A few weeks ago I introduced my new series “Social Networking in the Classroom” and the response has been inspiring! In the introduction to the series, I weighed the pros and cons of integrating social networking in the classroom. In the following weeks I discussed Facebook followed by Twitter. This week’s topic? Blogging!

This week’s topic is being broken into three parts! Why? There’s so much to talk about! This week’s entry will look at some blogging platforms I think are pretty awesome for the classroom environment. Next week I’ll talk about the pros of blogging in the classroom. In the third part I will share ideas for blogging in the classroom. (The other reason is that I wrote the whole entry and saw how long it was so breaking it into multiple parts just made sense to me.)


Image courtesy of David Castillo Dominici /

You might notice right away that I have avoided specifying one specific blogging platform to use. There’s a very simple reason for this, there are so many! I think it’s best to find what works best for you and your students. I’ve done a quick web search just to get an idea of the best blogging platforms for a classroom.

These are in the order that I thought of/discovered them and I promise I’m not getting anything special for promoting them…unless they want to give me something. Free Edublog? Hint hint WordPress!

WordPress- Since starting this blog back in June, I’ve really grown to love all that WordPress has to offer. The platform is simple to use and pretty straight-forward. It’s free to use though a premium account offers a few more perks but they aren’t important if you’re looking to keep things simple (I’m a simple user and paying $99 a year doesn’t seem worth it to me… I need that money to support my Starbucks habit!) The only drawback I would see with WordPress is that each student would need to create an account in order to become a contributor on the classroom blog. The perk I see with that, is that students are free to continuing their blogging once the class has ended!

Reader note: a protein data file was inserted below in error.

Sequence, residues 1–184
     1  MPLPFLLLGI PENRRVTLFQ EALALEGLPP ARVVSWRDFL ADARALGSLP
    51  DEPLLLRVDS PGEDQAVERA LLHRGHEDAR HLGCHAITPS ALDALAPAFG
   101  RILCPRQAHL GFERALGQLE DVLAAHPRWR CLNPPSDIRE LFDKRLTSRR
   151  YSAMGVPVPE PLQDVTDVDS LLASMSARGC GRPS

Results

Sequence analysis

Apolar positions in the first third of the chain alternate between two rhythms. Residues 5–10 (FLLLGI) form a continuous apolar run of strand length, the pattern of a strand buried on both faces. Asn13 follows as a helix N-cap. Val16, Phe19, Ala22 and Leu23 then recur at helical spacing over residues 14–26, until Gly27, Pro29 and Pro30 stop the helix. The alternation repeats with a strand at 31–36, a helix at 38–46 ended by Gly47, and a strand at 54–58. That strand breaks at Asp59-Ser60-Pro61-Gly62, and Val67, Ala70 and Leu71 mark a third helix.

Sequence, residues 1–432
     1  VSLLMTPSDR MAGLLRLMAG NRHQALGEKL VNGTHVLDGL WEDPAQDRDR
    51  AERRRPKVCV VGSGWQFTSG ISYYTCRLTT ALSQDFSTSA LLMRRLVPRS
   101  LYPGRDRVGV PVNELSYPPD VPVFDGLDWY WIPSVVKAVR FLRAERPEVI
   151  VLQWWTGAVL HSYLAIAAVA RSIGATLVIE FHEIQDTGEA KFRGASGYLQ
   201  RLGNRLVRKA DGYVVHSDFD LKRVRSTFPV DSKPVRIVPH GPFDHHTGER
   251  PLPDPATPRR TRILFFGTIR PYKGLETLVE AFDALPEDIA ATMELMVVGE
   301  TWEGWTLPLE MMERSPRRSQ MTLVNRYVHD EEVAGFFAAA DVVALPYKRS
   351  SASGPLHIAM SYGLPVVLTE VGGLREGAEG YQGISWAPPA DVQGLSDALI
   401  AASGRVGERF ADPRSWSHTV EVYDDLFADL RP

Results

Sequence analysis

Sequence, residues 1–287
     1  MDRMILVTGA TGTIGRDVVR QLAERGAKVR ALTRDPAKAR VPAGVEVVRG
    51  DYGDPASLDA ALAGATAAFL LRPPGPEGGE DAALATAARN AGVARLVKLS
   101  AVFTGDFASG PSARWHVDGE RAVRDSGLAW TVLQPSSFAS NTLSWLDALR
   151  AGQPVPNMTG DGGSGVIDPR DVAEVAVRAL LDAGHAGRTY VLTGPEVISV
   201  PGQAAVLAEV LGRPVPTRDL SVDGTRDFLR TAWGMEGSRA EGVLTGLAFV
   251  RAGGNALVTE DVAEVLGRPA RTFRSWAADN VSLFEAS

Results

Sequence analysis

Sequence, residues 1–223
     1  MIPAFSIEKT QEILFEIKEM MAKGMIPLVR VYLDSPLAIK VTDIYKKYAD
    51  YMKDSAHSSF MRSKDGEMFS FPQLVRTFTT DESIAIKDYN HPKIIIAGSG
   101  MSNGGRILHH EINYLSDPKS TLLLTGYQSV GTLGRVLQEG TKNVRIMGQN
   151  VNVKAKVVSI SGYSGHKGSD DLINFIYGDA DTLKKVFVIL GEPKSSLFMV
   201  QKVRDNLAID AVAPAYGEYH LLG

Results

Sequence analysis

Edublogs– Edublogs is exactly what it sounds like- blogs for education! The site is run by the people at WordPress and has all the same features!  The site is safe, secure, and for education only. While a simple blog is free, if you want to be able to embed video and HTML, you must pay for an upgrade. $35 will get you a year of Educator Pro and is great if you want to be able to facilitate blogging in your classroom and create accounts for students.  You can moderate students entries and comments with this feature as well.

Looking to connect the entire school? Edublogs offers that as well. Create a massive blogging community of students and educators. The cost varies by the number of blogs you wish to create. You can contact Edublogs for a quote. Not sure if Edublogs is a right fit for your school? They give you a free 30-day trial to give it a chance!

ClassPress- ClassPress is much like WordPress in its functionality. A one year subscription is the same at $35 with discounts if you subscribe with 5 or more teachers. Once you are a member you are able to create an unlimited number of students accounts. The site also automatically filters content in students entries unlike other which require you to actively look out for inappropriate language. One thing I really like on ClassPress is the drop-box feature which allows students to submit assignments digitally into one place. There’s no worrying about students misspelling your e-mail address. This also allows the teacher to upload files for download by students. Supported formats are Microsoft Word, Excel, PDFs and Powerpoint. Want the kids to have a record of their blogging at the end of the year? You can download PDF journals that can be printed, e-mailed or loaded onto a thumb drive!